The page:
The theme for this, the 11th issue of Cordite and our fifth online, is copyleft. As one contributor recently asked: “What the #$%! is that?”
It's a good question.
Most people would struggle to explain adequately what copyright is, let alone how it affects them, especially in an online environment. While the last thing we want to do is set out, in textbook terms, what copyright and copyleft actually signify, a few words here may be of some benefit and interest.
Whatever your definition of copyright, one thing seems clear: for writers, it has become an almost nostalgic touchstone of integrity, originality and ownership. The number of submisisons we receive in which each poem is footnoted with a © symbol is testament to this need for marking, despite the fact that under Australian copyright laws (as elsewhere), copyright does not in fact need to be asserted at all – it resides in the creation of the work itself.
Why then this insistence on asserting copyright? Many obvious reasons spring to mind, including the fear that one's creativity is not being protected adequately by the law, pride in one's individuality, the need to take out some sort of insurance policy against the inevitable ripping off of one's work by an amoral publisher. Hey, who can blame them?
On the Internet, these fears become more magnified and, truth be told, justified. As PiO points out in his provocative “Net Copyright” article in this issue, the ability on the part of a web editor to link to a variety of pages scattered elsewhere on the Internet, thereby creating a virtual anthology of whatever they like, remains one of the great stumbling blocks for writers used to publishing in discrete, traditional media. Recent changes to the Australian system of copyright ostensibly prohibit such activities as “deep linking” (that is, linking more than two layers “deep” into a website, such as “http://cordite.org.au/11/prater,editorial.asp”) but it is hard to think of any but the most conscientious (or anal) of organisations adhering to this admittedly trivial requirement.
Linking is what makes the Internet work. But it also makes some people very nervous. Perhaps not so nervous as caching, surely the most problematic aspect of the new “search engine” paradigm. As we ourselves have learnt, simply inserting a piece of “no cache” code into an html page is just not going to work. Copies of this page are being cached on your computer as we speak – in fact, it's already happened. If this page is viewed by twenty people, then at least twenty copies of this page are already in existence. This doesn't include the copies cached by search engines such as Google, the National Library's Pandora project and other automated data collectors. In this context, what's the big deal about copyright protection?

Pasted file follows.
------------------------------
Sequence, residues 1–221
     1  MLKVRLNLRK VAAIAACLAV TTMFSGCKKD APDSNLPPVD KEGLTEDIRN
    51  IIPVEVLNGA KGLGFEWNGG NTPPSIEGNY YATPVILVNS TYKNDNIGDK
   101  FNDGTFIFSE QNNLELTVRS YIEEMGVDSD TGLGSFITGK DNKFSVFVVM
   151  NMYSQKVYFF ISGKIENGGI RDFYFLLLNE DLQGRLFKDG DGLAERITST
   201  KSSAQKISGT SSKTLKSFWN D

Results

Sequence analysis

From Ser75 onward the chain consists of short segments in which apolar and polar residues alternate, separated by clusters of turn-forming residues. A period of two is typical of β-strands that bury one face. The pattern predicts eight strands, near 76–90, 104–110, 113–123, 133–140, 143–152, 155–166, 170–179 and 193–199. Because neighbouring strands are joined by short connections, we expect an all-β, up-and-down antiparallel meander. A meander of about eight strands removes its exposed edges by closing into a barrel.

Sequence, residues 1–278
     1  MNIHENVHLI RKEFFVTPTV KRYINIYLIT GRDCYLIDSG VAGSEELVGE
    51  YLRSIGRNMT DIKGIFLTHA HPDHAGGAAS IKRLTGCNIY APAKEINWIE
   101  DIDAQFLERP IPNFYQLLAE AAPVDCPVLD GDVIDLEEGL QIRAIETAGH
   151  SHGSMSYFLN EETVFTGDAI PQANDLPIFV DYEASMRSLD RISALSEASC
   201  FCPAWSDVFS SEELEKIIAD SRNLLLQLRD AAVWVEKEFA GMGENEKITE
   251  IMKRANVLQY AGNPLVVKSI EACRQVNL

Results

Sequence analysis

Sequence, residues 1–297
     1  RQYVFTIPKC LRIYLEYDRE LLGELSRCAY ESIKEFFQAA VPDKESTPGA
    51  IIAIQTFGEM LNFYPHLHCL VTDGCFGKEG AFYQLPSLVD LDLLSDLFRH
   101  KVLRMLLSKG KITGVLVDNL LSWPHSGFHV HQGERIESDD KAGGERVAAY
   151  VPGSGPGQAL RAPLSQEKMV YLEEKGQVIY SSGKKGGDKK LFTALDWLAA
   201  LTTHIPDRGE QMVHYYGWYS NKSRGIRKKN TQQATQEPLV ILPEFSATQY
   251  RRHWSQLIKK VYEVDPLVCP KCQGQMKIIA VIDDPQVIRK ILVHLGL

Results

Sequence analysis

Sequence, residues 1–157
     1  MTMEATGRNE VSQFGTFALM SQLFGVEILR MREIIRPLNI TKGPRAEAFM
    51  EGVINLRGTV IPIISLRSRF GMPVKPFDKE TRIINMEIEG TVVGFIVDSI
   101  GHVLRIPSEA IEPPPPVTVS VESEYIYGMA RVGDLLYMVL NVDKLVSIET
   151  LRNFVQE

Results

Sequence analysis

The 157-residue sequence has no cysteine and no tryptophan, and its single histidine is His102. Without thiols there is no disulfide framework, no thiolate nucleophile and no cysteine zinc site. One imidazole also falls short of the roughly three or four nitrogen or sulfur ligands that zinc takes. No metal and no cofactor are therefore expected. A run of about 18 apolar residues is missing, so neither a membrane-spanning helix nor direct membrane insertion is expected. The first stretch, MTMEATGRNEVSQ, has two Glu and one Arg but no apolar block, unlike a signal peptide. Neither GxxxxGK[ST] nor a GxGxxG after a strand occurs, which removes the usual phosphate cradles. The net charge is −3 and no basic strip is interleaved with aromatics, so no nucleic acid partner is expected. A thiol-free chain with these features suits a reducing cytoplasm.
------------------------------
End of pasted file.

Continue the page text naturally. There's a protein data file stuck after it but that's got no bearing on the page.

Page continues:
Well, for some people it is a big deal. Digital rights management is now a lucrative industry, from which the most advnatage is levered by corporations wishing to protect their online “content”. It's funny how an advertising brochure in your mailbox is junk, while a company's online training manual is “content”. Whither poetry in all this?
It seems I'm asking more questions than I can possibly answer. Here's a few more. Take Michael Farrell's genre-busting “cover versions” of Laurie Duggan and Dorothy Porter in this issue. What would be your reaction to such an acitvity? Would you consider this a breach of your copyright? How about if we were to publish the complete works of AB Paterson on this site, a la www.plagiarist.com? What guarantee would you have that the works have been transcribed correctly? Indeed, what guarantee would you have that they had ever been typed up as the author would have wished? Why do we automatically trust print publishers, but sneer at the lack of web authenticity?
At the same time, as Rebecca Cannon points out in her thoughtful article on copyleft, how would you feel if the web were to revert (as it will this October 1, on grey/gray day) to a bland, graphic-free, artless domain, containing nothing that has been re-hashed, recycled, cut or pasted? I'm sure you'd soon realise that a lot of what we take for “creativity” and “originality” on the Internet (as, come on, we do in the real world too) is actually not original at all. The microphone image on our new audio page has been used a thousand times before. Where did it come from? Who cares? The little graphic of Les Murray on our front cover was discovered via a Google image search. There were hundreds of them, none credited. It took less than a second to make a copy. And, again, who really cares?
Then again, I'm sure not many of you will have seen Patrick Jones' “Monument to the Unmanned” before. It's loaded with far more meaning than I could ever fit into this editorial.
Enough questions. Seek your own answers. I hope you enjoy Cordite #11 as much as we enjoyed compiling it.